User Fee Bill Passes the House

Published on: 

The House unanimously approved a bill that would provide the FDA with $6.4 billion in fees from drugmakers over the next five years.

This article published with permission from The Burrill Report.

The U.S. House of Representatives in a unanimous voice vote approved a package of U.S. Food and Drug Administration user fees and other rules that would provide the agency with $6.4 billion in fees from drugmakers over the next five years, starting in 2013.


The vote moves the act — a compromise bill combining provisions from the House and Senate — to the Senate for a vote, its last stop before being sent to President Barack Obama to be signed into law.

The Food and Drug Administration Safety and Innovation Act of 2012 (S. 3187) will reauthorize several user programs, including the Prescription Drug User Fee Act, which give the FDA the ability to collect fees from industry in exchange for assurances of timely action on reviews of applications for new drugs, as well as generic drugs and biosimilars.

Key provisions of the act will support the FDA’s ability to address increasingly complex products and regulatory issues while helping the agency maintain the “gold standard” of safety and effectiveness of the medicines they regulate, says John Castellani, president and CEO of Pharmaceutical Research and Manufacturers of America.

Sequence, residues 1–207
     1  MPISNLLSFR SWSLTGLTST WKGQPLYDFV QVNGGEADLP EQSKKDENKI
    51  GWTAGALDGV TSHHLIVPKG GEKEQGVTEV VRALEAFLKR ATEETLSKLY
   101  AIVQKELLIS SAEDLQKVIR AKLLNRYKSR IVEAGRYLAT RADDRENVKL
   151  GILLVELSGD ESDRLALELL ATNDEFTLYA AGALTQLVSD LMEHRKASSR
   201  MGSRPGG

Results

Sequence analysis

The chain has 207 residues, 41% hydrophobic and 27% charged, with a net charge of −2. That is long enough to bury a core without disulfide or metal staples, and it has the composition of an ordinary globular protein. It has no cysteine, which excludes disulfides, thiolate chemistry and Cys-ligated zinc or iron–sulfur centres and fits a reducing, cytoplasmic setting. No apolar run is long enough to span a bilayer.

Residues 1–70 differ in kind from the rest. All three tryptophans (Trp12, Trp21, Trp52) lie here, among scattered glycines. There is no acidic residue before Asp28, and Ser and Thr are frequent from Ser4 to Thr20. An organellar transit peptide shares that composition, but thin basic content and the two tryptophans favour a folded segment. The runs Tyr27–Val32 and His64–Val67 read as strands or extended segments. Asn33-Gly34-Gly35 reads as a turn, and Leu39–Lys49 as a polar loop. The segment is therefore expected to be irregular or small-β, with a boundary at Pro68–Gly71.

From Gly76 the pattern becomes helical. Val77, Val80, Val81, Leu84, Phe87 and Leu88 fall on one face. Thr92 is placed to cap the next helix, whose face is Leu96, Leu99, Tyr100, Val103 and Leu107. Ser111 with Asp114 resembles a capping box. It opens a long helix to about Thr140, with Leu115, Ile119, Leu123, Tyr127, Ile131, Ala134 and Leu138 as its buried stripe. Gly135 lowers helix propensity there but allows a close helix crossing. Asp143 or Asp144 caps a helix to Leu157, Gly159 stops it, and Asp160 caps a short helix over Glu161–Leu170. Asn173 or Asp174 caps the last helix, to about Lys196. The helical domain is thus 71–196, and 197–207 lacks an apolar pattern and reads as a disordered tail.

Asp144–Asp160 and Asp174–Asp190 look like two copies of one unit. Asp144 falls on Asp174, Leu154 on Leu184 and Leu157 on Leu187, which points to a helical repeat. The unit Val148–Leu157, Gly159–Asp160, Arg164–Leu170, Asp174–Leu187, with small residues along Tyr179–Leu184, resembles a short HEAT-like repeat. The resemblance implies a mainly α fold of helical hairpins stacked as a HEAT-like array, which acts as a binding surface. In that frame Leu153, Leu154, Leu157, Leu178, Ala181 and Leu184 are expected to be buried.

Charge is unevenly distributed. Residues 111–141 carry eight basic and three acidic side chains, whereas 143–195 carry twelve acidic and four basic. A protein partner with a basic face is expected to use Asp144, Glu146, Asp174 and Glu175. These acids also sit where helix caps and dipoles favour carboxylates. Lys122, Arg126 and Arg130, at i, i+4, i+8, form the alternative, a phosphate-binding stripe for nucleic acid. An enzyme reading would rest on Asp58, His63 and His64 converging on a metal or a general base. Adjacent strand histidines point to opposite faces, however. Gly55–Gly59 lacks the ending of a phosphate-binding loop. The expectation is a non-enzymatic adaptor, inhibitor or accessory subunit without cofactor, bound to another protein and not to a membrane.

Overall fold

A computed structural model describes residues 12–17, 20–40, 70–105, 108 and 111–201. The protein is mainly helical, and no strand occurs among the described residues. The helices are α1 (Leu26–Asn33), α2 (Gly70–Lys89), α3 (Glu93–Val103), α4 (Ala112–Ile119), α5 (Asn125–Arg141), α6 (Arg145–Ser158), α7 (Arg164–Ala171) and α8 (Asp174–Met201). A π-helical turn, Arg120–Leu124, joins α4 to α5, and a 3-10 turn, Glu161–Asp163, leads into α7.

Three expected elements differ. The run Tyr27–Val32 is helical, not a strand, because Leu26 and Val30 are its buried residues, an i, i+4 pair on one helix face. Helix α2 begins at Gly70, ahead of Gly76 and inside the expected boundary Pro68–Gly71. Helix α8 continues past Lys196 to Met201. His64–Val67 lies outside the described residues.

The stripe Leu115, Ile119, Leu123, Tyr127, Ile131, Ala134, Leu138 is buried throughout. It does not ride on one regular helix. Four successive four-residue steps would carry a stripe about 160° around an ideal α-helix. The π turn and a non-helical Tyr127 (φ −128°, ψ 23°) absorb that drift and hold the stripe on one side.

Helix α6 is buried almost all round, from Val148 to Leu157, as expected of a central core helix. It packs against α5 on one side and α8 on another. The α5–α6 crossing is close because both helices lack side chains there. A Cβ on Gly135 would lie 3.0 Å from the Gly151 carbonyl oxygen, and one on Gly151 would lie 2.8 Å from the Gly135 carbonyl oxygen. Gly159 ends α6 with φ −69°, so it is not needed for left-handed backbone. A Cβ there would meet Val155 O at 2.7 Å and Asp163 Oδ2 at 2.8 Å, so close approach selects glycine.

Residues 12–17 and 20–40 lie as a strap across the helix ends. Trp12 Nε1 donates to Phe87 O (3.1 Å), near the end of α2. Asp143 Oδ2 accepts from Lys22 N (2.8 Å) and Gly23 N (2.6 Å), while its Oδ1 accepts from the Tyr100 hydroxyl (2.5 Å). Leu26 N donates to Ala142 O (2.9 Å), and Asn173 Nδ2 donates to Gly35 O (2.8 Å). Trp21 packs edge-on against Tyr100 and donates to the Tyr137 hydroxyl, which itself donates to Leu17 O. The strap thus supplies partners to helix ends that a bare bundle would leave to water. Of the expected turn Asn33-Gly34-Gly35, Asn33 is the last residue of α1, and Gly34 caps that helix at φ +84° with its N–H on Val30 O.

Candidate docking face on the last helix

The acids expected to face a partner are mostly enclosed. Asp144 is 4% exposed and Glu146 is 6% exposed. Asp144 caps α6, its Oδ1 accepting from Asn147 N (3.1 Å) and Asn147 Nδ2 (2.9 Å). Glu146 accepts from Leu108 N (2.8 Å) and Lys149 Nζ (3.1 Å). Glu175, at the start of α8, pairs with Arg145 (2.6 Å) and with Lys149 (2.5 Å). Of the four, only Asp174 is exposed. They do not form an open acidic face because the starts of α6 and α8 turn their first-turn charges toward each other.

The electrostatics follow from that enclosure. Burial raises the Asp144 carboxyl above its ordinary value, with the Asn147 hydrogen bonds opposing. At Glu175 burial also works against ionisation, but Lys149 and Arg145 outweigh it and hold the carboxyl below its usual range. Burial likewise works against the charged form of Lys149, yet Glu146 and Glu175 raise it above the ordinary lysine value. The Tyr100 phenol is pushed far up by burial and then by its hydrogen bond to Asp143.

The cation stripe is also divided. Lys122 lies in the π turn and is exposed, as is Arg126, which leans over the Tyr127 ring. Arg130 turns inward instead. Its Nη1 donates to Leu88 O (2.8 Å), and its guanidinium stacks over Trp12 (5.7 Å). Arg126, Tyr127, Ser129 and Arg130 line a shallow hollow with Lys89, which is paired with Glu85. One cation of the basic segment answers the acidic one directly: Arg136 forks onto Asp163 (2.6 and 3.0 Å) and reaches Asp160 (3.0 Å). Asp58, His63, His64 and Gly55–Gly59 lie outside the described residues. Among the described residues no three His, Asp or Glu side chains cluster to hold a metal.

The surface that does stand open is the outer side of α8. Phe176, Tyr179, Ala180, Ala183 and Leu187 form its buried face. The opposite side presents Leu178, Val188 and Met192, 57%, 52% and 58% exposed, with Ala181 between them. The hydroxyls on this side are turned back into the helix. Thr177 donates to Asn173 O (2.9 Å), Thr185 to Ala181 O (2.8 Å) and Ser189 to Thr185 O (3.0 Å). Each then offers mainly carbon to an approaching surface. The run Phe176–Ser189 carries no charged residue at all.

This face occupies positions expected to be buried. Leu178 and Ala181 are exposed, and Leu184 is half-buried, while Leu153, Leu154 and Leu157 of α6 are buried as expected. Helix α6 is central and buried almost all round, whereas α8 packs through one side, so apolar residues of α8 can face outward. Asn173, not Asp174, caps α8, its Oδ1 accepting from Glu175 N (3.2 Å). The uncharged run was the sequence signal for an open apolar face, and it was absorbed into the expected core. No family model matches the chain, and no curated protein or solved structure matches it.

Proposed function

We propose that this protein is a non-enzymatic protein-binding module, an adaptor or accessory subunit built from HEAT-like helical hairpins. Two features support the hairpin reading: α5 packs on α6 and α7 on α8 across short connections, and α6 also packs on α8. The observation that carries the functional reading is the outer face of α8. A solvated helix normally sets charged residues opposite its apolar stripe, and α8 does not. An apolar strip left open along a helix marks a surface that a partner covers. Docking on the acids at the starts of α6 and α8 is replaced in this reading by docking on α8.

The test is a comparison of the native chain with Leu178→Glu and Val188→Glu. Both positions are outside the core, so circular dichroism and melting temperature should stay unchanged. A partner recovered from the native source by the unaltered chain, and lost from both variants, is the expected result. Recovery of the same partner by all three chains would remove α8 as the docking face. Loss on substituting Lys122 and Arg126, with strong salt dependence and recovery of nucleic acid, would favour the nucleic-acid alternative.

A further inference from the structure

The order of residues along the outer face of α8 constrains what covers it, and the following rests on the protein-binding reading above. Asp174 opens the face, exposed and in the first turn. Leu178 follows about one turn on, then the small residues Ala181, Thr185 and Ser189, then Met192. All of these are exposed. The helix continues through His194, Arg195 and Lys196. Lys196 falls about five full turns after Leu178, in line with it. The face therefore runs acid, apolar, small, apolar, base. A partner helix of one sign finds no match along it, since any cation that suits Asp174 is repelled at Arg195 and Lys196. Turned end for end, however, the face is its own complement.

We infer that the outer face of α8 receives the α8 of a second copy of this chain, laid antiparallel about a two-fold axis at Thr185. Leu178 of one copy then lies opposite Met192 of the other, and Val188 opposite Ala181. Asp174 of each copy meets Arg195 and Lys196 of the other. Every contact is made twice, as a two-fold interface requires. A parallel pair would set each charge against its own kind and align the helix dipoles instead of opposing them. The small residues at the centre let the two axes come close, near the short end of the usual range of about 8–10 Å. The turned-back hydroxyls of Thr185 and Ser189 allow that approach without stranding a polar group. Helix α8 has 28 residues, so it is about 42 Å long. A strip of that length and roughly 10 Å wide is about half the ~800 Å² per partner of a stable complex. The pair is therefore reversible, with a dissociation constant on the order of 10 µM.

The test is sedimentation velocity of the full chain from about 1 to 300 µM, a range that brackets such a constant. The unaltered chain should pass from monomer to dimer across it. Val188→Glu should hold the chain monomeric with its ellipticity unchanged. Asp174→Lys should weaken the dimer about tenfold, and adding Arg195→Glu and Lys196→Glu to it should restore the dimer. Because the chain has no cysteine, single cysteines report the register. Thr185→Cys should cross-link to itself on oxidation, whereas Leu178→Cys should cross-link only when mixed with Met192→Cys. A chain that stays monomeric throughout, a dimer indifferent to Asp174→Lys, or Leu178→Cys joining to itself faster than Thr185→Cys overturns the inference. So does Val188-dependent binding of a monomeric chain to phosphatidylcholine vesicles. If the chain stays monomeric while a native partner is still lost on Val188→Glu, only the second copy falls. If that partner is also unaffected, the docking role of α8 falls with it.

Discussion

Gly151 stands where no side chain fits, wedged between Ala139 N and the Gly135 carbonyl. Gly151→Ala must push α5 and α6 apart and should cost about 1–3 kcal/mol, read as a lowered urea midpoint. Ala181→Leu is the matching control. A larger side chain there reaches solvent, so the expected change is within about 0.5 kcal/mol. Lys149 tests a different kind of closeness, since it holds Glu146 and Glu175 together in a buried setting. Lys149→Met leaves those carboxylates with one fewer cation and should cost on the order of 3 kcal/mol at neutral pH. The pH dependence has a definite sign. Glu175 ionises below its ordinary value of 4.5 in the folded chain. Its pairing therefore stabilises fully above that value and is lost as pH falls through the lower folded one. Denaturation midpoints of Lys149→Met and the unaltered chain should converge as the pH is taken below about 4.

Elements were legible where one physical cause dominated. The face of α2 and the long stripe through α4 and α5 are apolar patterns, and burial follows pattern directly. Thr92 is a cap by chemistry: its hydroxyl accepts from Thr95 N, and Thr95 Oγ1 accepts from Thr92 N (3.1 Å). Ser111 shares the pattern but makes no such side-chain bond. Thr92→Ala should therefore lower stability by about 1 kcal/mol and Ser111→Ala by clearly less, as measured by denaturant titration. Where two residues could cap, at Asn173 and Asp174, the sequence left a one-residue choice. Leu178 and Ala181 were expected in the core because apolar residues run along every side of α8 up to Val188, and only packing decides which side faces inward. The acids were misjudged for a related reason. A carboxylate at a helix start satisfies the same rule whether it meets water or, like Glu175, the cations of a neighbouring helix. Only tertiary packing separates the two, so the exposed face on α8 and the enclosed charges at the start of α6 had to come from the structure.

The act also includes new rules to help improve communication so the FDA can detect and mitigate drug shortages and support the development of new and better antibiotics.

Despite gains for industry, including guarantees of better pre-review communication with the agency, some health advocates have criticized the dropping of provisions that would have supported a national network for tracking drugs throughout the supply chain. That requirement was struck during a reconciliation of the House and Senate bills.

If the act is passed — an event that appears to be likely given the broad support for it in Congress — it will renew the user fee programs through 2017.

Copyright 2012 Burrill & Company. For more life sciences news and information, visit